DIY Target Stand


Let me preface this by saying that I discovered the plans for making this from the Box of Truth website.

I have been thinking about building a portable target stand for a while and I finally decided to make myself one. So off to the local hardware store I went.

1-10′ section of Schedule 40 PVC pipe 1-1/2″ diameter

2-PVC L Joints

2-PVC T Joints

2-PVC End Caps

1-Can PVC Cement

Total: $20.21

Things I forgot to get: Firring Strips

Cut the PVC pipe into 7 16″ lengths. And start gluing things together.

VIOLA! Thats pretty much it. All you have to do to set up is stick the last two sections of PVC into the T-Joint uprights and put your firring strips in. Its light and portable. It is a bit too light so be prepared to fill it with sand or stake it down if wind is going to be an issue.

Just for display purposes I put some 5′ lengths of PVC in and propped up a piece of cardboard. I think I am going to fabricate a cross piece of PVC and L-Joints to go across the top of these thinner pipes so I can hang bowling pins or other reactive targets from it.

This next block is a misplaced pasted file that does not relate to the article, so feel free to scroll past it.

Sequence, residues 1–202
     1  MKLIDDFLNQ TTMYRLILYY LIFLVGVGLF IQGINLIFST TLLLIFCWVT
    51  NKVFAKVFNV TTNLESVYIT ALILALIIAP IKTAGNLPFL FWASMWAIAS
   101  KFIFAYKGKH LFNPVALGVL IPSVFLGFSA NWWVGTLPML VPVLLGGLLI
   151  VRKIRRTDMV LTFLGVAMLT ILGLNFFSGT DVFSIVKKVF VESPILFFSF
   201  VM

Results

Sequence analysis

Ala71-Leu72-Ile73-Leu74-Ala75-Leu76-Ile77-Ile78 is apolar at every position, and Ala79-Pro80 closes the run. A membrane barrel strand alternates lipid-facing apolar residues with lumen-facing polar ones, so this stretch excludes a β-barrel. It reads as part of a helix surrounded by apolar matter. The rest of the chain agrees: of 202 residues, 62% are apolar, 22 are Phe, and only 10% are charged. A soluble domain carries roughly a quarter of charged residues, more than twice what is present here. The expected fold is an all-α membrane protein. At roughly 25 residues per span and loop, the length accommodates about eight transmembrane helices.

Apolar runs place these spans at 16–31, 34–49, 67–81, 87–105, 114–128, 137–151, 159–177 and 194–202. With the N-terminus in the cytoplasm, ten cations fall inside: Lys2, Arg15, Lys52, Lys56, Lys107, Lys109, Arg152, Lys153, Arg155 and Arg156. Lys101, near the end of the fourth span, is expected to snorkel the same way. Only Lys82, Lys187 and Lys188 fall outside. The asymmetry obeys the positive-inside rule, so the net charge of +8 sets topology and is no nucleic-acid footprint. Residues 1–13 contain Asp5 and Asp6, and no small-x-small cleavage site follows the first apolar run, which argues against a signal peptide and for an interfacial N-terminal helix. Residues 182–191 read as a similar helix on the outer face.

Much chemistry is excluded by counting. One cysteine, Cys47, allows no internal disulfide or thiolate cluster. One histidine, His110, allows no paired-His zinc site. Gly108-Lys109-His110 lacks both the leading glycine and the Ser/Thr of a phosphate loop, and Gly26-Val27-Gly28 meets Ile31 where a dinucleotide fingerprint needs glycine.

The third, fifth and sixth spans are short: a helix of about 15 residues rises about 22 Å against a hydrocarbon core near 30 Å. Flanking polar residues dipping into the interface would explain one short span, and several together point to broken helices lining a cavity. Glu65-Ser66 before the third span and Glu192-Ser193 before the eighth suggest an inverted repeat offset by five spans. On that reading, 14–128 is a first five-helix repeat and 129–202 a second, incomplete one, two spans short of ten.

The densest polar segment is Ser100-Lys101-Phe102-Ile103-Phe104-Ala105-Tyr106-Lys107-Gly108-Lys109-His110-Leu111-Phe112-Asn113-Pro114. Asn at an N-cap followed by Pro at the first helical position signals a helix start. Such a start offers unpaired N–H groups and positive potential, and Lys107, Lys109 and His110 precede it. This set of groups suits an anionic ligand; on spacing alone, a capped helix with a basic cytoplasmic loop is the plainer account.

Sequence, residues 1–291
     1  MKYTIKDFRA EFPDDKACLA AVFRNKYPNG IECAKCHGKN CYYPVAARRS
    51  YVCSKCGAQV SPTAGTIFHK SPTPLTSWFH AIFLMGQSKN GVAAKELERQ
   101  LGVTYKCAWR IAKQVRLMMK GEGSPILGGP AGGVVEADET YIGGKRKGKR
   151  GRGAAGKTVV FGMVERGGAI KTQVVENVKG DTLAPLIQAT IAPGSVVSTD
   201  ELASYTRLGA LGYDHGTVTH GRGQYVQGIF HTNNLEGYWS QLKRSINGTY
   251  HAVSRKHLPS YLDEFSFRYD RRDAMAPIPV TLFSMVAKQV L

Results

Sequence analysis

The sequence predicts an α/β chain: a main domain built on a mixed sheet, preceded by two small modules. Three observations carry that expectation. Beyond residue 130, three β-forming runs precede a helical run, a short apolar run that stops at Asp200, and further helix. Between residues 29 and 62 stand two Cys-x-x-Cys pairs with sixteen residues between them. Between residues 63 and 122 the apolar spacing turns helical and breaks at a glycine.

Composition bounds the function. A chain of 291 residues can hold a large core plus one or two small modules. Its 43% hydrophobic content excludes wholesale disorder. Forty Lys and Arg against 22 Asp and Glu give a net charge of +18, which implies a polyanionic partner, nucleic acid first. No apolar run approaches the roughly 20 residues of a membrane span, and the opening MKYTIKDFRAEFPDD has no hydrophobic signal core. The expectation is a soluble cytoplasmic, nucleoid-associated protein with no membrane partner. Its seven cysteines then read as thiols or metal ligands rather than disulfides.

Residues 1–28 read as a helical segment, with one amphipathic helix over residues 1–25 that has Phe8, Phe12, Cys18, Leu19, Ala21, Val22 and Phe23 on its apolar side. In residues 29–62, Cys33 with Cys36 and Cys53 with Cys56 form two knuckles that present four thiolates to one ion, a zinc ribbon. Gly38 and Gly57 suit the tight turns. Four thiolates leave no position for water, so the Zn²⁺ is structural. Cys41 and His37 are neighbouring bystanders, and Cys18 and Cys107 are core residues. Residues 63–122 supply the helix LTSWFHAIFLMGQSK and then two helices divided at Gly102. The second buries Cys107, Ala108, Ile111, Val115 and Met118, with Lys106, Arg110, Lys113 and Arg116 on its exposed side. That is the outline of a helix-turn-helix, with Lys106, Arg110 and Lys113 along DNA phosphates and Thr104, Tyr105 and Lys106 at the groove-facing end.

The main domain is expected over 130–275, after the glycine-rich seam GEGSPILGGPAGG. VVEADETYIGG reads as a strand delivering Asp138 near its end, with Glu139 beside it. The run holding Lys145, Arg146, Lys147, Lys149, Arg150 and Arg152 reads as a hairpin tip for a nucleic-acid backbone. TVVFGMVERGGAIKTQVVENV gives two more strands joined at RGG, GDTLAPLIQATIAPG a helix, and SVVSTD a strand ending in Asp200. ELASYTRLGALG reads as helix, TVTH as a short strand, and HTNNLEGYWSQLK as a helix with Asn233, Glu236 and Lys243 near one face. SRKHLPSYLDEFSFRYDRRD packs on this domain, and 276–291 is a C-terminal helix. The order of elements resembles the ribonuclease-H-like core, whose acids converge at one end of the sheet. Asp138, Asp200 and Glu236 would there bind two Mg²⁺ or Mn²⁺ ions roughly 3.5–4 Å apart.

At $20 apiece, I may just have to make a few more…word to the wise though, if your hardware shop will cut pipe to fit take advantage of it. Hacksawing the PVC into the 16″ lengths was the most difficult part of the whole project.

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8 thoughts on “DIY Target Stand”

  1. I love PVC pipe for cheap ‘hack’ builds. For sandbagging the base on the cheap, I’ve seen people using sections of inner tubes filled with pea gravel.

  2. I’ve used PVC pipes on projects before (I made a camera dolly that worked pretty well—$30 investment). I’m all about using this cheap but wonderful material. It’d be great if you posted more do-it-yourself projects like this in the future.

  3. If you want an easier way to cut PVC, use a knife and notch the PVC where you want to cut it, then set a piece of string in the notch, grasp both ends and “saw” through the PVC. The friction from the twine will cut through the pipe in seconds. It’s ten fold easier then using a hack saw.

    1. Chris,

      Is there a particular type of twine that you recommend?

      I use a small hack saw now and it’s okay but keeping the line ‘miter’ straight is not good. The blade flexes and warps the line of the cut somewhat.

      I’ve thought about using a grinding wheel in my drill to smooth/straighten cuts, but seems like a lot of extra work for a hack project.

  4. Pingback: diy help

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